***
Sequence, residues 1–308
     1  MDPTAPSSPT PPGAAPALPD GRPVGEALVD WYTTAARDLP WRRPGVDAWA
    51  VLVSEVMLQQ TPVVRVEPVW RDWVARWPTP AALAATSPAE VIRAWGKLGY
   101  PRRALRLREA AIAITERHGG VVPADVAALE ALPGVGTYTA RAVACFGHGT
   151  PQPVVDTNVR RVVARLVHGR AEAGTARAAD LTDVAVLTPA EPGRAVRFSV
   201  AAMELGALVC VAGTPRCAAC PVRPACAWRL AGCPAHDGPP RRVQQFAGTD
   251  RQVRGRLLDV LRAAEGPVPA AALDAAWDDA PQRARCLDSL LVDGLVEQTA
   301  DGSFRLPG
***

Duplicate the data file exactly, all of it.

Sequence, residues 1–308
     1  MDPTAPSSPT PPGAAPALPD GRPVGEALVD WYTTAARDLP WRRPGVDAWA
    51  VLVSEVMLQQ TPVVRVEPVW RDWVARWPTP AALAATSPAE VIRAWGKLGY
   101  PRRALRLREA AIAITERHGG VVPADVAALE ALPGVGTYTA RAVACFGHGT
   151  PQPVVDTNVR RVVARLVHGR AEAGTARAAD LTDVAVLTPA EPGRAVRFSV
   201  AAMELGALVC VAGTPRCAAC PVRPACAWRL AGCPAHDGPP RRVQQFAGTD
   251  RQVRGRLLDV LRAAEGPVPA AALDAAWDDA PQRARCLDSL LVDGLVEQTA
   301  DGSFRLPG